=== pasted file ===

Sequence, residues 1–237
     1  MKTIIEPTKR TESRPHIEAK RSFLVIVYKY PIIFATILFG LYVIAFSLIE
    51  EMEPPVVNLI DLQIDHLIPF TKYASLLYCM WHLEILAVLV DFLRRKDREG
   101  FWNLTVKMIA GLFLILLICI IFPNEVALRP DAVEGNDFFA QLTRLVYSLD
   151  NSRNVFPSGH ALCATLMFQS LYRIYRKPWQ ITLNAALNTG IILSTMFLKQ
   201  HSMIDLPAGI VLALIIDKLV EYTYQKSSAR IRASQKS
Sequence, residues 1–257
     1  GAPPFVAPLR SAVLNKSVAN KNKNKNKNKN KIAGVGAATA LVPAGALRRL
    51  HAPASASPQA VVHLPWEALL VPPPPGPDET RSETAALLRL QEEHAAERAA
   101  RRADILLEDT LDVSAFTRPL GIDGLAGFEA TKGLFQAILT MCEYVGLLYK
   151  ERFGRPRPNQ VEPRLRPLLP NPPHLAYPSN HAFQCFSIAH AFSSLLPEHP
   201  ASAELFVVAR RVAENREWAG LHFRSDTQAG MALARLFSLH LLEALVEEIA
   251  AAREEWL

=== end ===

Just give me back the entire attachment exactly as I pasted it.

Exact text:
Sequence, residues 1–237
     1  MKTIIEPTKR TESRPHIEAK RSFLVIVYKY PIIFATILFG LYVIAFSLIE
    51  EMEPPVVNLI DLQIDHLIPF TKYASLLYCM WHLEILAVLV DFLRRKDREG
   101  FWNLTVKMIA GLFLILLICI IFPNEVALRP DAVEGNDFFA QLTRLVYSLD
   151  NSRNVFPSGH ALCATLMFQS LYRIYRKPWQ ITLNAALNTG IILSTMFLKQ
   201  HSMIDLPAGI VLALIIDKLV EYTYQKSSAR IRASQKS
Sequence, residues 1–257
     1  GAPPFVAPLR SAVLNKSVAN KNKNKNKNKN KIAGVGAATA LVPAGALRRL
    51  HAPASASPQA VVHLPWEALL VPPPPGPDET RSETAALLRL QEEHAAERAA
   101  RRADILLEDT LDVSAFTRPL GIDGLAGFEA TKGLFQAILT MCEYVGLLYK
   151  ERFGRPRPNQ VEPRLRPLLP NPPHLAYPSN HAFQCFSIAH AFSSLLPEHP
   201  ASAELFVVAR RVAENREWAG LHFRSDTQAG MALARLFSLH LLEALVEEIA
   251  AAREEWL